Harriet Walker: 'Real women' keep their clothes on in public


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How I long for the day when a woman's body is just something attached to her neck; when it's her own business and no one else's.

Model Daisy Lowe has always enjoyed a fairly smooth ride when it comes to intense and perverse physical scrutiny because she is thin (gasp!) but curvy (clap, clap, clap) and therefore embodies The Perfect Woman.

What a shame and how regressive it would be then, for her to flaunt that Perfect Body in a low-rent grotmag. What's that? She's on the cover of Playboy? Of course she is. It's worth remembering that the women whose bodies we're all suppose to try and emulate – those easy-to-come-by 18-inch waists topped with a honking great pair of double-Gs – are usually the ones that men are most interested in too.

What men don't like are catwalk models, who aren't allowed to be called by that zeitgeist-y catch-all "real women" because they're apparently not curvy enough to warrant discussion. But I think we can all agree that "real women" keep their clothes on in public – whether they have the Perfect Body or not.

Of course, Daisy can do what she wants with her bits, and if what she wants is for them to be plastered across the pages of a magazine owned by a priapic octogenarian, it's her call. She's a model – it's her métier. Aside from "getting her biff out", as one colleague terms it, Lowe is also girlfriend to Matt Smith of Doctor Who fame. He might want to think about calling himself Doctor No after he's seen these pictures.

The fading of summer brings with it the exciting drumroll of autumn telly and sumptuous new series. The first of these, The Borgias, starts tonight on Sky Atlantic. It's a rollicking tale of murder, incest and – of course – the Catholic church, with reconstructions of events such as the famous "Chestnut Orgy", when naked women scrambled on the Vatican floors for chestnuts as a Renaissance-era spectator sport. There were prizes later for the man who had the most sex with them. (The women, not the chestnuts – although I'm sure they were involved.)

Those sensual Sabines! Those Machiavellian love machines! If only current power-mongers were half as interesting, you might sigh. But it's not the Borgias' interest they lack, it's their ingenuity and reptilian efficiency. Silvio Berlusconi's bunga-bunga parties are the Chestnut Orgy directly transposed, but with underage sex-workers; German insurance company Hamburg-Mannheimer rewarded its top-sellers with a prostitute party, we found out earlier this year. Pope Alexander VI may not have observed his sacred vows of chastity, but congressman Anthony Weiner beamed pictures of his pants around the world.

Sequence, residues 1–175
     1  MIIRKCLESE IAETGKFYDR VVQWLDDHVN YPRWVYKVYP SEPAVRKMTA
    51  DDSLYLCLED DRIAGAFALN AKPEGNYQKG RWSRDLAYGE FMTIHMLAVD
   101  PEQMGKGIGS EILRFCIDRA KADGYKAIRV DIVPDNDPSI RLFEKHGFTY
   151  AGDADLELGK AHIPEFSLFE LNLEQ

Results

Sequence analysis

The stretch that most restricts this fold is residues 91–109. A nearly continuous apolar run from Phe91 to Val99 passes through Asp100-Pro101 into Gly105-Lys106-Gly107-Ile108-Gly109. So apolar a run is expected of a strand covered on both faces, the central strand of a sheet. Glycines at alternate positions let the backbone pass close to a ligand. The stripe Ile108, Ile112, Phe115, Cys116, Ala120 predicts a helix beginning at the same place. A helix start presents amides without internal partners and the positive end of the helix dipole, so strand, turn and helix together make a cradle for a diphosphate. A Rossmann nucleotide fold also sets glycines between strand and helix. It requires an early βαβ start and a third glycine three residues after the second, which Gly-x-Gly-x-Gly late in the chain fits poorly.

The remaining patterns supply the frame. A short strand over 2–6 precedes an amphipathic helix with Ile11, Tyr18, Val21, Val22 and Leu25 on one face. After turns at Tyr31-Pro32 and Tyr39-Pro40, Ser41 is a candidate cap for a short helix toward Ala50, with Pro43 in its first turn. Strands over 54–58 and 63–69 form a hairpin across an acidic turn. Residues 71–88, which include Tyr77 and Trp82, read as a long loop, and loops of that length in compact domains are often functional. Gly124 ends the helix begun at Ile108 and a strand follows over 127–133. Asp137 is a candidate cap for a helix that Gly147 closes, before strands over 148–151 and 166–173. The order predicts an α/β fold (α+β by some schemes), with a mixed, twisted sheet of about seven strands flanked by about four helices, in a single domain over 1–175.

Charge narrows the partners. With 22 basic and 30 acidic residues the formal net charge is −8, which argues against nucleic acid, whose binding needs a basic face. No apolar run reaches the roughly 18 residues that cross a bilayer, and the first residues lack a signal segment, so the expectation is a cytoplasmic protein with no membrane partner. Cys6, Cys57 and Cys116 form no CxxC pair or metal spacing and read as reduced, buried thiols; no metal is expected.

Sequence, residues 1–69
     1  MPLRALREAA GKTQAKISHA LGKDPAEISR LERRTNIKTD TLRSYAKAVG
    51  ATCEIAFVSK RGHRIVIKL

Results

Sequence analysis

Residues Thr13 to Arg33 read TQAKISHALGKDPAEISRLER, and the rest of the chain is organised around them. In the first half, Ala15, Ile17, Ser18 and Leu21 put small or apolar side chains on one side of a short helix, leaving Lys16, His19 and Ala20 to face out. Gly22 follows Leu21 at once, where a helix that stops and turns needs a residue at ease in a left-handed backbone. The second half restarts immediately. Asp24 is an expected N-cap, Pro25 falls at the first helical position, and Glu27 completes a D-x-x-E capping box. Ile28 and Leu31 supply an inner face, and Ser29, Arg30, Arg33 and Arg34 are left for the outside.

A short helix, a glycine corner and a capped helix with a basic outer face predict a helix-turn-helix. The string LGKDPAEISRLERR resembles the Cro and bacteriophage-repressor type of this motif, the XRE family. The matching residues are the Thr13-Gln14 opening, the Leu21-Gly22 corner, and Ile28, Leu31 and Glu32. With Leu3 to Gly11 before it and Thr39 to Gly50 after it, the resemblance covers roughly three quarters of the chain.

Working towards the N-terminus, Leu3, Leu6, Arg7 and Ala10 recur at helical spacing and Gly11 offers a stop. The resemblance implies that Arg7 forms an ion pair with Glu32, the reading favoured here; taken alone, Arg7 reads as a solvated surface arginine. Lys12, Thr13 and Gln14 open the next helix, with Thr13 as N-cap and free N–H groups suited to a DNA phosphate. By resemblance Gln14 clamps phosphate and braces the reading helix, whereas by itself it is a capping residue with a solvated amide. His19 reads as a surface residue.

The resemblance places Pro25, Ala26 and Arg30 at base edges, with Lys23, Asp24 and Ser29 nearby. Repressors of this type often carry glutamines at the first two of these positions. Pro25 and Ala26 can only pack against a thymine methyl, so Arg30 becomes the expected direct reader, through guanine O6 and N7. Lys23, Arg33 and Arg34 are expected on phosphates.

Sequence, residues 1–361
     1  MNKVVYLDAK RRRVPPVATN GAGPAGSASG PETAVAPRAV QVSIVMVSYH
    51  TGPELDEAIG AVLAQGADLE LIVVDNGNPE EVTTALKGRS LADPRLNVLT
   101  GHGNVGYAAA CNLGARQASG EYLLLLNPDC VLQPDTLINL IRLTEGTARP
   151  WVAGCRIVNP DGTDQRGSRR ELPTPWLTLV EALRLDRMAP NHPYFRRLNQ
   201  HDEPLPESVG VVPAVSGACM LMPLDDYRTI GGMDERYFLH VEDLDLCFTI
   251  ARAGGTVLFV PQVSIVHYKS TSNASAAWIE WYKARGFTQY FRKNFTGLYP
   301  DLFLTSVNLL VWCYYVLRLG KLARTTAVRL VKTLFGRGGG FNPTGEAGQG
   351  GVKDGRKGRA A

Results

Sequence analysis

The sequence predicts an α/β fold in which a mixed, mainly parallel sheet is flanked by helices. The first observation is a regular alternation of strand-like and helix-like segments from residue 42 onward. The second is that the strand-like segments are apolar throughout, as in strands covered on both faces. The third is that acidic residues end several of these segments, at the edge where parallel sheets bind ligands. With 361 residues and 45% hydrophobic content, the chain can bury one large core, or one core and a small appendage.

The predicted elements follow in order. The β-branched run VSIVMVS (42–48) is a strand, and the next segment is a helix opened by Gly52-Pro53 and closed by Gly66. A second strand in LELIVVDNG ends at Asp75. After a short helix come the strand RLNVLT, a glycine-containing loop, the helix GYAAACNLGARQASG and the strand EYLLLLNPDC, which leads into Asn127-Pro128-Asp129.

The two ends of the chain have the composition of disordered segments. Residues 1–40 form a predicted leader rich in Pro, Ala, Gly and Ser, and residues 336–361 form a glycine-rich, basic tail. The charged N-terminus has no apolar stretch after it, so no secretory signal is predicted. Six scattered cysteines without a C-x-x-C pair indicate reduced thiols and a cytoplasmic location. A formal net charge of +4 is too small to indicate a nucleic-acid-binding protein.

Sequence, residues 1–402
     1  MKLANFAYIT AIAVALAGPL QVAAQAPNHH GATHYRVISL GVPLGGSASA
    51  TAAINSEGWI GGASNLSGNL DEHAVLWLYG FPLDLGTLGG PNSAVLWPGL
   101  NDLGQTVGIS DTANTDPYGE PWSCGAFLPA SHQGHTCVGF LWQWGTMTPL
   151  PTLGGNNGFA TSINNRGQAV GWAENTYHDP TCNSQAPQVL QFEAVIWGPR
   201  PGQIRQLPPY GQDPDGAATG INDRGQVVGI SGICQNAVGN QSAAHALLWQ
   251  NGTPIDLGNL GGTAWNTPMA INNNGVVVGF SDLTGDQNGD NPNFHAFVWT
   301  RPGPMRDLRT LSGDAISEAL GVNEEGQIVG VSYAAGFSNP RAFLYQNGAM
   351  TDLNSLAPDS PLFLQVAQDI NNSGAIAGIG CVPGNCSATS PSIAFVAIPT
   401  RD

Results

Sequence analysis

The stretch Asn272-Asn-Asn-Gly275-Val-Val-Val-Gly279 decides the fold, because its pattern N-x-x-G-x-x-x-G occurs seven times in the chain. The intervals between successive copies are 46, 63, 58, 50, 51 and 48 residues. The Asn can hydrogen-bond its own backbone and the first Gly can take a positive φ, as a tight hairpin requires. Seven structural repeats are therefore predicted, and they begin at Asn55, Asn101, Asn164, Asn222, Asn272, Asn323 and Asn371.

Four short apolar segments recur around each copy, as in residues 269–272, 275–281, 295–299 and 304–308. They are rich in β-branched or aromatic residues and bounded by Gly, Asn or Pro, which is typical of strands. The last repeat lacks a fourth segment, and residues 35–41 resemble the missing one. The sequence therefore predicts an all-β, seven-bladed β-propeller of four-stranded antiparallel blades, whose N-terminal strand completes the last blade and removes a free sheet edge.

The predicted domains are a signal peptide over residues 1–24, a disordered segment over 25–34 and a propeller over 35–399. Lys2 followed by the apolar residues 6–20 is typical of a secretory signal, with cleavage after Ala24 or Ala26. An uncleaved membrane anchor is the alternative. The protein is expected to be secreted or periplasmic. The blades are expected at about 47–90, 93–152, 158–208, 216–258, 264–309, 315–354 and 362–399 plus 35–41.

Now, I don't want to live in those benighted days of ripped bodices, corruption and religious persecution. But they did do it with more panache back then, didn't they?

Economic pressures and social fractures aside, a large motivation behind this week's riots has been greed, pure and simple. We're more acquisitive now than we ever have been, because we're incapable of creating things for ourselves: we have to go and buy them instead.

Our reliance on transactions makes for an almost permanent state of being ripped off and conned – buying and selling doesn't go two ways when customer service and satisfaction are non-existent. We whinge about advertising standards, we write letters of complaint, we hate budget airlines – nothing we can buy is perceived as being worth it any more, in an age where money is scraped together with so much effort before being frittered away with none whatsoever.

So suspicious are we of being taken for fools, in a world where adverts and "special offers" for the most part assume we are, that any notion of goodwill goes out of the window. No wonder those people ran off with those plasma screens.

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